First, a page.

What is Data Mining?

Let's look at a process used to discover patterns in large data sets called data mining. The interesting thing about data mining is that it involves different methods at the intersection of statistics, machine learning, and database systems. The overall goal in data mining is to extract the most relevant information from a given dataset and have it structured for further use. It includes the raw data analysis step, but it also involves database and data management aspects, data pre-processing, model and inference considerations, interestingness metrics, complexity considerations, post-processing of discovered structures, and visualization and online updating.

The Misnomer Term Data Mining

Before we look into different possible applications, I'd like to point out that as with many terms in this field, the term data mining is not correctly applied. Why is that? Mining refers to the extraction of data itself. However, in data mining, the goal is to detect and extract patterns and knowledge from a large data set. This buzzword is frequently used in the context of large scale information processes such as warehouse management. Another data mining application area is in artificial intelligence (e.g., machine learning). Here, data mining is used to make correct decisions with the help of information systems for business intelligence and decision-making based on large data sets.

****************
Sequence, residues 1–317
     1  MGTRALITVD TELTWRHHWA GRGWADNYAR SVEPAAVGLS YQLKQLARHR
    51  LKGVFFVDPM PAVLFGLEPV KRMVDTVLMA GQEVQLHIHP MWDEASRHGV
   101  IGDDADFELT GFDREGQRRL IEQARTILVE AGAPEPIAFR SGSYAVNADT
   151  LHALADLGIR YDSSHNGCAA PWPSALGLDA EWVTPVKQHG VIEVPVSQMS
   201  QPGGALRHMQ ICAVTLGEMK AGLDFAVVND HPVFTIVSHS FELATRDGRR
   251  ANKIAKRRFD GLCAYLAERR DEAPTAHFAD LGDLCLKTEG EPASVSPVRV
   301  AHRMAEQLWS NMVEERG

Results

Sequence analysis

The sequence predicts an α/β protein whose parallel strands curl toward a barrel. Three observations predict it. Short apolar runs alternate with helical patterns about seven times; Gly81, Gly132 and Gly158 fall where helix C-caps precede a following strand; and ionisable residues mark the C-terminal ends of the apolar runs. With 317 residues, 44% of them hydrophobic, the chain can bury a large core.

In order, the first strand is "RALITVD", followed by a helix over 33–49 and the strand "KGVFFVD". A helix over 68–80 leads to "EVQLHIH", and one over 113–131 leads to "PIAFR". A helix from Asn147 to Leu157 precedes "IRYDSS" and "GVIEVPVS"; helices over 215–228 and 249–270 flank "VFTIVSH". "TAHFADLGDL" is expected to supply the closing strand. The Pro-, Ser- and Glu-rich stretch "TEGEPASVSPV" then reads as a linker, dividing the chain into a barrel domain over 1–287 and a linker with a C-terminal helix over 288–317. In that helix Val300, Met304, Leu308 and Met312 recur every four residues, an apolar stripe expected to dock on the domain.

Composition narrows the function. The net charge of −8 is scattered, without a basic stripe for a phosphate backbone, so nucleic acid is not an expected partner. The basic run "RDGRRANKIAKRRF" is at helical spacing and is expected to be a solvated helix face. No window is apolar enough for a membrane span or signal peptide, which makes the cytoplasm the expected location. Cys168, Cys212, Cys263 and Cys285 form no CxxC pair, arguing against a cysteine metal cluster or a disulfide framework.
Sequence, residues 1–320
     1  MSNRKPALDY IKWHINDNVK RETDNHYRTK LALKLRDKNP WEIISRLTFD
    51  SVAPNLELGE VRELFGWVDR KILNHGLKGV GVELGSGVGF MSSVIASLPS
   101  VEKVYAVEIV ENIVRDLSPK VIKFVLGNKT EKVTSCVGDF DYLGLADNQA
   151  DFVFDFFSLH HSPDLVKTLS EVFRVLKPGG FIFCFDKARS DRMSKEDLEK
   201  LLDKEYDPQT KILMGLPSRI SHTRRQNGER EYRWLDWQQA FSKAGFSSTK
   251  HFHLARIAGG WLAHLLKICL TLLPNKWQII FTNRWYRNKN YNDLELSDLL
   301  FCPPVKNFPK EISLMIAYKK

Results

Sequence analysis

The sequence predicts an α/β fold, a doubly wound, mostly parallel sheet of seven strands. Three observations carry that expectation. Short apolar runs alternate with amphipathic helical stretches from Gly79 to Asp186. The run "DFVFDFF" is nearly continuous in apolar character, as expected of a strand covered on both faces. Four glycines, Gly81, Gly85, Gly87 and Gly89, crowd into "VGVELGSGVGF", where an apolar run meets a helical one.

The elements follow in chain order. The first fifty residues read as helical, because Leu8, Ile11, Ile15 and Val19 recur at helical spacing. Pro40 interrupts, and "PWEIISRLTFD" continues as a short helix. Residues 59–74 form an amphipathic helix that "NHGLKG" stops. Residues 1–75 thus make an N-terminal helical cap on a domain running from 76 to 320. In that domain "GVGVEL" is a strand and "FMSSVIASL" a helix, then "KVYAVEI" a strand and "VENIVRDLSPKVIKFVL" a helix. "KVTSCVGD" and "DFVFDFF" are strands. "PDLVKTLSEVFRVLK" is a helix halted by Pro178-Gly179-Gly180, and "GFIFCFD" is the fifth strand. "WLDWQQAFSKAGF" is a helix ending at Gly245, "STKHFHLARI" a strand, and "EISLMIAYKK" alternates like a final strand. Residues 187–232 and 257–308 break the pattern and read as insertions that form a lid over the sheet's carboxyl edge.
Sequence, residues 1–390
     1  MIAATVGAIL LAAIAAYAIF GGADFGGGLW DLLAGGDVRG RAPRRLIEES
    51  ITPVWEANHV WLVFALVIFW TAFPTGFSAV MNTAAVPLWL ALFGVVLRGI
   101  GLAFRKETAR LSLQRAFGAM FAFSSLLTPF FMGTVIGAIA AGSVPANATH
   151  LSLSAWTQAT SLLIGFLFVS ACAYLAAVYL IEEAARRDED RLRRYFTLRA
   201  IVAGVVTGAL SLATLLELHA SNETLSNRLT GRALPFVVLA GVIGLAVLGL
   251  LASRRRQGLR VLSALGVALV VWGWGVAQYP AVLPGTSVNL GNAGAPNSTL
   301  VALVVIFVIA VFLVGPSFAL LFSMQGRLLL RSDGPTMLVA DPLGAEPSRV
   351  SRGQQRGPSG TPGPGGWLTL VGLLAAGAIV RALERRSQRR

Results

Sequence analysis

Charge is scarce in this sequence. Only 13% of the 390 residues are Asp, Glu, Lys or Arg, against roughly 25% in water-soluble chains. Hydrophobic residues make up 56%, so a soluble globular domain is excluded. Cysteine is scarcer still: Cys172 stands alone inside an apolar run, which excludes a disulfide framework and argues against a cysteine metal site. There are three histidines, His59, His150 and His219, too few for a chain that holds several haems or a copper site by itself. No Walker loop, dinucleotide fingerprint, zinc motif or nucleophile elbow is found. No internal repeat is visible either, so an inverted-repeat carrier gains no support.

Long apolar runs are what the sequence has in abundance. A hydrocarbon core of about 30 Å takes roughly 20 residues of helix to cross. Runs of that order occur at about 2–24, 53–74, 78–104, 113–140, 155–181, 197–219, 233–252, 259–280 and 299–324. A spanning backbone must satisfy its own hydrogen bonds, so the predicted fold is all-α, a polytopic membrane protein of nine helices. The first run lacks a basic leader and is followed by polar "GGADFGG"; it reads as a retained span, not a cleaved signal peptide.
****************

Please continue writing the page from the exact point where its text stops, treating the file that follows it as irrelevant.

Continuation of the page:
The genuine data mining assignment is the semi-automatic or programmed examination of vast amounts of information to extricate intricate patterns such as bunches of information records (cluster analysis), unordinary records (anomaly detection), and conditions (association rule mining, sequential pattern mining). This ordinarily includes database procedures such as spatial indices. These patterns are a kind of outline of the input data used in predictive analysis or machine learning applications. For example, the data mining step might identify multiple groups in the data to obtain more accurate prediction results by a decision support system.

Use Cases of Data Mining

There are many different use cases of data mining across various industries, such as financial fraud detection applications, e-Commerce applications, and various business applications. Overall, detecting patterns in large data sets is beneficial in many ways and can accelerate multiple information systems and applications. Having useful patterns emerging from vast data accelerates projects, fuels applications, and provides precise and adapted data fit for decision-making.

For this blog post, I have used the following resources:

  • The Data Flair Blog has everything you need to know and resources to read in-depth information on data mining. I really enjoyed it a lot!

  • Furthermore, I found this post on Six Big Data Use Cases for Modern Business which further highlights the importance of big data and how data mining is key to successfully evaluate data sets.

As always, have a great day and stay curious!

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